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I am doing a project in which I am determining which areas of New York City can be accessed within a five- or ten-minute walk of a subway entrance. I have done this in the past in ArcGIS, and am trying it out in QGIS. The goal of the project is to determine which areas of the city would become accessible within a five- or ten-minute walk if closed subway entrances, of which I have accumulated a list here, were reopened. I used the QNEAT3 tool to first look at the service areas for open subway entrances, based on the city's street network.

In ArcGIS, I could create non-overlapping service area polygons to allocate areas to the closest subway entrance. I have not seen any way of doing this in QGIS. When using QNEAT3, all the areas within, for example, five minutes of an entrance, are in a single layer, which is not very helpful, as can be seen in this screenshot below.

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For some reason, the polygons for areas within a closer range of an entrance, i.e. 60-120 seconds, are sometimes in the incorrect spot, being underneath layers like the 300-480 second polygon layer. If you compare the two images below, you will see that if I uncheck this layer, the 60-120 second layer is visible. In ArcGIS, I had no issues with this at all.

How do I remedy this?

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Another issue is that there are spikes in the polygons, especially those in the 480-540 and 540-600 second layers, which should not be there. These areas are clearly not within ten minutes of an open subway entrance. I have no idea what error is causing them.

Does anyone have an idea?

Here is an overview showing multiple errors:

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This major one occurs over a body of water:

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This one for some reason has a polygon connecting Lower Manhattan with Brooklyn over New York Harbor.

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You also have a big one here in Queens.

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    Interesting question. However, please breake it down to several distanct questions as this focused Q&A site requires. It is easier to give you an answer if you have one problem per post. Like the first two paragraphs until the first screenshot will be one question. You can link to the original post in your other questions for context.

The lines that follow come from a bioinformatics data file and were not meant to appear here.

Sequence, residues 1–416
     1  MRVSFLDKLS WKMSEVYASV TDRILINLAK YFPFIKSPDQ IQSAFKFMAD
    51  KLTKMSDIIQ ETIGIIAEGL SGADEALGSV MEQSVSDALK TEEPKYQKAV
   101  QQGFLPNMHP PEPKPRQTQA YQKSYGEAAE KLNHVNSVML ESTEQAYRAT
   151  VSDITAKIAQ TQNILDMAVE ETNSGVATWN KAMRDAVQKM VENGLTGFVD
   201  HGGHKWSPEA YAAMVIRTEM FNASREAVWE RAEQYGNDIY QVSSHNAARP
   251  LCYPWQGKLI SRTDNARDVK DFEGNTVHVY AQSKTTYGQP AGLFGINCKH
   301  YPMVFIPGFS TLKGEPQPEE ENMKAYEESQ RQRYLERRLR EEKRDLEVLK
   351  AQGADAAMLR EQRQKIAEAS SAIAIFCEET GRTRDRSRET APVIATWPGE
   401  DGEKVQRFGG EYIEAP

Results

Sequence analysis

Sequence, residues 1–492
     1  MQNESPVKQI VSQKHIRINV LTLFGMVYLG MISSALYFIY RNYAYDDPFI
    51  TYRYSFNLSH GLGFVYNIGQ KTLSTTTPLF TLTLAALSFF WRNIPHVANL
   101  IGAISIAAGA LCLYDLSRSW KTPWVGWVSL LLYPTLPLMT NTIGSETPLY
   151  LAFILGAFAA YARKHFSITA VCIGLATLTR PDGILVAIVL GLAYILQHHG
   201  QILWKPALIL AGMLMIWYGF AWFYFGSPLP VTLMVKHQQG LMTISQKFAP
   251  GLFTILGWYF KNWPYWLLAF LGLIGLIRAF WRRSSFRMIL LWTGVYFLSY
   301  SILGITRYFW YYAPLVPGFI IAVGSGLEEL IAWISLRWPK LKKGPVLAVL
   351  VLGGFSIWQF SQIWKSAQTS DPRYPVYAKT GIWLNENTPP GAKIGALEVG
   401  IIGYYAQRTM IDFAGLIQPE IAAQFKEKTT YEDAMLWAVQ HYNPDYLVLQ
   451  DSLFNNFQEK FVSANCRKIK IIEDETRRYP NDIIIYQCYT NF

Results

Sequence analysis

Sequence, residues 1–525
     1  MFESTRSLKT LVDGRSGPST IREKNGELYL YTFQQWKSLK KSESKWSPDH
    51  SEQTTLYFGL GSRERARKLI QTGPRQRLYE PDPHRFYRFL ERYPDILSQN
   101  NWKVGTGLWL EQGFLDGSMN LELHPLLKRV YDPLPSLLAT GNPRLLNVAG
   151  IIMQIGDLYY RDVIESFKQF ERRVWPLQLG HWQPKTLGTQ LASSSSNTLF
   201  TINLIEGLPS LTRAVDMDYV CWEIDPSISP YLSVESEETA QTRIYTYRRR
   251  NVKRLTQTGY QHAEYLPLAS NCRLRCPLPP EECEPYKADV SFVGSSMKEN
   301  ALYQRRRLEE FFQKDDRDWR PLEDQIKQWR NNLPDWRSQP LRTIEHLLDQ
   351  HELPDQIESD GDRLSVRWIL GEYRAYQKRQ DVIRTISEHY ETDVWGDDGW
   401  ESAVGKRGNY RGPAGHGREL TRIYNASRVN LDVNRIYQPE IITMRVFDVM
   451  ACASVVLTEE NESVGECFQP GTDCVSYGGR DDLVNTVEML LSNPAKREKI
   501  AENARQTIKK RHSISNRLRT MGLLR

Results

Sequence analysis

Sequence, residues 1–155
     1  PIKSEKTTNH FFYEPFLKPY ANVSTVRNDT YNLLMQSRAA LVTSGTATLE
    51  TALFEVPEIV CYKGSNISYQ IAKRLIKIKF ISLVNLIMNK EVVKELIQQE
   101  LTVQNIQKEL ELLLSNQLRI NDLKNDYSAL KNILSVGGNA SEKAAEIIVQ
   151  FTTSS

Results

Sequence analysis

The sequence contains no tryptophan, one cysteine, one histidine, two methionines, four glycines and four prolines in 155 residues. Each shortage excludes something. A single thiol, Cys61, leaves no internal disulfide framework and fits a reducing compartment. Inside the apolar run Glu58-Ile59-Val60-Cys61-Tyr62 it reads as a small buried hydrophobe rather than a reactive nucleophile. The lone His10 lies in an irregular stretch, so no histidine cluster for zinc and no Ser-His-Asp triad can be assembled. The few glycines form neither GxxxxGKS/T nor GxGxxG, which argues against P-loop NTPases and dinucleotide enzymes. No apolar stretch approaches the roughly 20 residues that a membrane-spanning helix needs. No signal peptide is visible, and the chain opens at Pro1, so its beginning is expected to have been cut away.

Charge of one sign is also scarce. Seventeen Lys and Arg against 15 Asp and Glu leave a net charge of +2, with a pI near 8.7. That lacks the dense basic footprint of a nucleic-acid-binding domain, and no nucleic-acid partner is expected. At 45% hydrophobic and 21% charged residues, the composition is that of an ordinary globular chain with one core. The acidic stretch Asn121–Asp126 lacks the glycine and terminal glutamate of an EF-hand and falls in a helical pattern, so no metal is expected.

– Babel
    Jan 24, 2021 at 15:03
  • I want to do that, but I can only add a question every 40 minutes. Should I just every 40 minutes to remove two of my three questions from here?
    – UnionTpke
    Jan 24, 2021 at 15:08
  • Would be probably best - leave to content until you are ready to post the next question so if you're very lucky, someone will answer all of your questions at once before that ;-)
    – Babel
    Jan 24, 2021 at 15:11
  • There is no need to split up your question - i will try to answer below.
    – root676
    Jan 25, 2021 at 8:44

1 Answer 1

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I have discussed this issue on faulty isochrones in multiple questions here on GIS.SE and Github:

To cite from my answer in the first link:

The problem you are experiencing is due to a missing functionality in QNEAT3 which cannot be provided using the current QGIS API. [...]

QNEAT3 is using the QgsTinInterpolator class for interpolating a cost raster based on reachable network vertices in the graph. This interpolation method causes the artifacts you see in your analysis output.

Possible solutions to resolve the issue:

  • Set the maximum time for the isochrones to 3 hours (or another arbitrairly high number to cover whole New York) and then filter to the isochrone bands you want to look at. This should prevent you from getting artifacts in the areas outside of your analysis by adding travel time information to those areas.
  • Fork QGIS and make QgsTinInterpolator aware of this issue by fixing it.
  • Pay a QGIS developer to do the work for you

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